resilience, assured of uninterrupted power
supply, have a network of secure access
routes, and safe water and sanitation.
Nonstructural Measures
Planning ahead for disasters and
investing in resilience to reduce
vulnerability to multiple hazards requires
resolve. Irregular consideration of risks in
disaster-prone countries has sometimes led
to the construction of infrastructure that
is insufciently resilient to disasters. The
increasing frequency of natural disasters
with large human and economic losses calls
for recognizing disaster risks (IED 2012) and
concerted action to strengthen resilience.
This needs to be implemented within
an integrated disaster risk management
framework that combines climate change
adaptation, disaster risk reduction, disaster
preparedness, post-disaster relief, early
recovery, reconstruction, and disaster risk
fnancing goals (ADB 2013).
Investments in resilience will be far-reaching
if they are integrated into development
policies, strategies, plans, and assistance
programs. Although certain recurrent
disasters are foreseeable for many countries,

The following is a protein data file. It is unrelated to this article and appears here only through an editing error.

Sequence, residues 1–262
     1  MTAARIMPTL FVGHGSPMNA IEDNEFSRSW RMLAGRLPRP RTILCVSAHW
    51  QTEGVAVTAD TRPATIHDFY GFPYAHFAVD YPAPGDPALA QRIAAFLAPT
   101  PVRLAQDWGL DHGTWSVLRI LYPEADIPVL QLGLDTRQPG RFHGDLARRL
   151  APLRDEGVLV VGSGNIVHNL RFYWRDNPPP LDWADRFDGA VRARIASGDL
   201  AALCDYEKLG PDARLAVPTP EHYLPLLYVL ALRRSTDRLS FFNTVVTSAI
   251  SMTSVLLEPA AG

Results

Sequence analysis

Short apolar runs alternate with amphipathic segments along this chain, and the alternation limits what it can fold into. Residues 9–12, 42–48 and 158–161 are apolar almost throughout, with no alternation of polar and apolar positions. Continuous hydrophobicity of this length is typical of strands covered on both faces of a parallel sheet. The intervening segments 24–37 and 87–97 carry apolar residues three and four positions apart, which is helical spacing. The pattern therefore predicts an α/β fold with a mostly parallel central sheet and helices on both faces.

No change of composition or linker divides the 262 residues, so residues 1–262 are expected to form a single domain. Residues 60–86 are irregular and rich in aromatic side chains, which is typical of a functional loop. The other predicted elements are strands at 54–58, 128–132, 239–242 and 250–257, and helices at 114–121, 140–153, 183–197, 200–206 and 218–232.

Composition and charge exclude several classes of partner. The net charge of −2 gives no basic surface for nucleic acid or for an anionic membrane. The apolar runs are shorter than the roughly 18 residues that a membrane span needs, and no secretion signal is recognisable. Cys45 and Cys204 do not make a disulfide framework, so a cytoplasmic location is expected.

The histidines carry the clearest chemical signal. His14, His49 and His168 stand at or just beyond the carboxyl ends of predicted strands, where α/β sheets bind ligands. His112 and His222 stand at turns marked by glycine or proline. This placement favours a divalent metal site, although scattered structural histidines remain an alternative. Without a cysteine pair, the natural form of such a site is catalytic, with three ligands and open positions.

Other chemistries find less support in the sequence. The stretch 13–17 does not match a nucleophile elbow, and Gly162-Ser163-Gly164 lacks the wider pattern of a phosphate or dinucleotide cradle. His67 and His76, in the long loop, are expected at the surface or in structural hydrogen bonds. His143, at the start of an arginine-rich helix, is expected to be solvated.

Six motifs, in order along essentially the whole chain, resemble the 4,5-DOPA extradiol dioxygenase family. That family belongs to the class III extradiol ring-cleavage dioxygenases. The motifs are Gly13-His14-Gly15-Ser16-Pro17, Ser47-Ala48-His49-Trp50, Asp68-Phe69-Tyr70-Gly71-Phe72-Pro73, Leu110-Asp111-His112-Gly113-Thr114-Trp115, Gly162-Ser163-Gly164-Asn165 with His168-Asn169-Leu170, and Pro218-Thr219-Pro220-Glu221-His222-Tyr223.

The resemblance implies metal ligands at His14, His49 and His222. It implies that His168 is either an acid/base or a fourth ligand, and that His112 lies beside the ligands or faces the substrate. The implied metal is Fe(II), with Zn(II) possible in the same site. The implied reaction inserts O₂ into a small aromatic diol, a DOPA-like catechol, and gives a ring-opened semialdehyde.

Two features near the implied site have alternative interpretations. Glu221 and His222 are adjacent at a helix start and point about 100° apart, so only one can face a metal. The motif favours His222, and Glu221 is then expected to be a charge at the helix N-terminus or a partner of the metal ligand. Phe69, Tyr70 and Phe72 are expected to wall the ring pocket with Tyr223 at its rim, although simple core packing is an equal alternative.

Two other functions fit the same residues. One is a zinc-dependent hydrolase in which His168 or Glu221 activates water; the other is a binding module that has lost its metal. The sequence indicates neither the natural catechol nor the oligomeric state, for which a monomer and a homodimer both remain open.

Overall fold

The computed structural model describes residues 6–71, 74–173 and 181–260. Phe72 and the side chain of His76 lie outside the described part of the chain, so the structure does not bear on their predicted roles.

they are not always considered in country
strategies and lending programs. Disaster
risk assessment and hazard mapping
provide an initial step to informing
investment decisions. Risk reduction, in
addition, must have a central role in the
sustainable development strategy of
disaster-prone countries (IEG 2011).
Enabling institutional frameworks and
sustained commitment are pivotal to
resilience. Institutional frameworks—
policy, legal, and regulatory—and sustained
commitment are essential to ensure
direction, coordination, and accountability
in resilience eforts, and must translate
into actual resource allocations. The Indian
State of Maharashtra totally revamped
its disaster risk management policies
after the devastating Latur earthquake
in 1993, drawing on both international
and local expertise in designing improved
administrative legislation and building
standards (UNISDR 2004). Indeed, various
Indian state governments have revised
disaster policies and adopted more
comprehensive disaster risk management,
in keeping with good governance practices.
Efective action requires strong partnerships
among governments, development
partners, the private sector, civil society,
and local communities. Stakeholders,
nonetheless, must be aware that the
political economy can present risks or
opportunities. These include awareness of
how certain players are using their position
to strengthen their political or economic
interests. Well-placed, high-level political
champions are crucial to gaining broad